Page 0047


February 2018 English Bridge

Declarer may have a two way guess, partner may

have the jack and you have just picked up the suit,

or all manner of bad things may happen.

(b) a heart: 10 marks. Not even close in my view.

This is the safest lead that you can think of from

your hand. If it finds partner with the queen or

something and declarer had a two way guess, well

so be it, but it is the best you can do.

(c) t5: 1 mark. In my opinion this is a terrible lead,

and I would rather lead any of the other suits than

this one. This could carve up all sorts of holdings

when declarer needed to play on the suit for tricks

and partner had holdings like J10xx, Q10xx, or

even something like K108x could get crushed.

Which shows I know nothing(!) as at the table it

was the only safe lead since dummy held AKJ stiff

and partner Qxxxx.

(d) ®3: 4 marks. For exactly the same reasons that

a spade is a poor lead. This could (and at the table

would) save the declarer a two way guess for your

queen, holding AJ10 opposite Kxx.

Pairs Bonus: a heart - 5 marks. This is especially

true at the Pairs game where stopping the

overtrick is as important as defeating the


The multi is going out of fashion in expert circles

but is still played a lot at club and county levels, so I

hope I can be forgiven for including a hand

involving it here. There are a number of reasons it is

going out of fashion in expert circles, but they

include the fact that on auctions like this, you do

not know which major partner has, so are leading

blind. What can we do in this case….?

Choose from: (a) ´2; (b) ™4 (c) t10; (d) ®2.

Hand 3

´ K 7 5 2

™ 10 7 4

t 10 9 5

® 10 5 2

South West North East


2NT Pass 3NT Pass2

All Pass

1 Multi - partner has either a weak 2 in

either major or various strong hands.

2 Partner did not bid or double over 3NT so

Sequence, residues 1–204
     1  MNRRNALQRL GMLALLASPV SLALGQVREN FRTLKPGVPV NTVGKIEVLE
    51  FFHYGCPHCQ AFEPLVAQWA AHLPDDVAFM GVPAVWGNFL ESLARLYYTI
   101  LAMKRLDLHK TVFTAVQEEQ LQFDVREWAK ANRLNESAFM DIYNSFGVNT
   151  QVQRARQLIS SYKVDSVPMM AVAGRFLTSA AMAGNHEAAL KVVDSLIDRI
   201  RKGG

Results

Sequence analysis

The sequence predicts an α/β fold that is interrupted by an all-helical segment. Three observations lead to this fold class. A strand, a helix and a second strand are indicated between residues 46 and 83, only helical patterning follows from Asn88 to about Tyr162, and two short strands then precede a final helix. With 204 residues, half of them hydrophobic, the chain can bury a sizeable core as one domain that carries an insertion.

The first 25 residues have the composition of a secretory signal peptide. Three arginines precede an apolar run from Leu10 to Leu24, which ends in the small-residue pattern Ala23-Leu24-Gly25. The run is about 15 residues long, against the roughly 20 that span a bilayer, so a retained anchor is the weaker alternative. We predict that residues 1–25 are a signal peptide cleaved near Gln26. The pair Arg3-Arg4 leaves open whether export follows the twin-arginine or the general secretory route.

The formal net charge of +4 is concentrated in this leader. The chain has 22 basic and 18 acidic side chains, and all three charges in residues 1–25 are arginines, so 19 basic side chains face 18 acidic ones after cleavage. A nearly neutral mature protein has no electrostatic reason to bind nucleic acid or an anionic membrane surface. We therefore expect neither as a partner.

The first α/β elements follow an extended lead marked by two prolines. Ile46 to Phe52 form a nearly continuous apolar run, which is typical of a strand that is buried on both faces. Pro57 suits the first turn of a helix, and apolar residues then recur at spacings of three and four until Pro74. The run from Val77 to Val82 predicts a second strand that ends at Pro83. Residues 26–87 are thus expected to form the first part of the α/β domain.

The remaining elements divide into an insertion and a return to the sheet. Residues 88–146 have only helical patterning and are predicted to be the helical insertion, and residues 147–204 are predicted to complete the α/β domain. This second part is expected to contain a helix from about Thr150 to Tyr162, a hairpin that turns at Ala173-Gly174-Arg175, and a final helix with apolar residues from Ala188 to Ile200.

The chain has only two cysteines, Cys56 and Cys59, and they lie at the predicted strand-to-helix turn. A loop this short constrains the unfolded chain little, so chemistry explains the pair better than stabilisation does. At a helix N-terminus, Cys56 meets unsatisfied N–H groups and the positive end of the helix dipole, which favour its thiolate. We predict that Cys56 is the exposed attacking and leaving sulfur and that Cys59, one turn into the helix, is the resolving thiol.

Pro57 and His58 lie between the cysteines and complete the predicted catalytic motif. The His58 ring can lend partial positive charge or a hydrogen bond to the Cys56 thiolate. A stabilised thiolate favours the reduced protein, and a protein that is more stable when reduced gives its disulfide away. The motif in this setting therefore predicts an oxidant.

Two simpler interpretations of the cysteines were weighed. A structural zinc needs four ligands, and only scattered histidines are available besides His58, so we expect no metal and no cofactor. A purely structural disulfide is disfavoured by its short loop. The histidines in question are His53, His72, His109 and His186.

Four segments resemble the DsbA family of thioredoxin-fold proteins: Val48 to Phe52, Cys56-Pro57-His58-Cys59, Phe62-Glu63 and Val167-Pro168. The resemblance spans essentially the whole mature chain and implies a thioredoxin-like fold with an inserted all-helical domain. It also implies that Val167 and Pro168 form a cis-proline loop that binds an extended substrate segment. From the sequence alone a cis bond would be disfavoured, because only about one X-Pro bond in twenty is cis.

has a weak 2 in either major.

(a) ´2: 10 marks. The usual rule of thumb is that you

lead your shorter major when you do not know

which one partner has, on the grounds that they

are much more likely to have that one. But look at

your hand here. Partner has at most a 10-count

and you have a 3-count. So the opponents have at

least 27 HCP between them. The only way you are

going to beat this contract is to set up partner's suit

and then for them to get in and cash it. If partner's

suit is hearts, either it will have to set up with one

lead and partner have an entry or set up with

declarer having two stops and partner having two

entries. That is long odds against. You need the

same thing in spades, but if partner's suit is spades

it is much more likely to set up with one lead. I

would never lead this at Pairs (see below), and

would probably lead a heart if I had, say, a 12 count

where I have much more chance of beating the

contract, but here the only realistic chance is that

partner actually has spades. This was rewarded at

the table when partner has ´Qxxxxx and an

outside entry declarer could not avoid.

(b) ™4: 7 marks. If I was not going to lead a spade,

then this is the obvious alternative, but a spade is

better for the reasons above.

(c) t10: 3 marks. Likely to give nothing away, but

what on earth is it going to achieve? You are not

beating this contract by playing passively.

(d) ®2: 1 mark. This is the kind of lead that gets

comments from partner like 'If 2t had shown

clubs or diamonds presumably you would have

led a spade…. '

Pairs Bonus: a heart - 5 marks. For the reasons

given above. You are highly unlikely to beat this

contract, so the object is not to give away cheap

tricks, which a spade lead will do unless partner

happens to have spades, which is simply less likely

than them having hearts. r

Why not take advantage of Alan's where the

lead has foxed you? Email the editor, and if suitable, Alan

would be delighted to use them.




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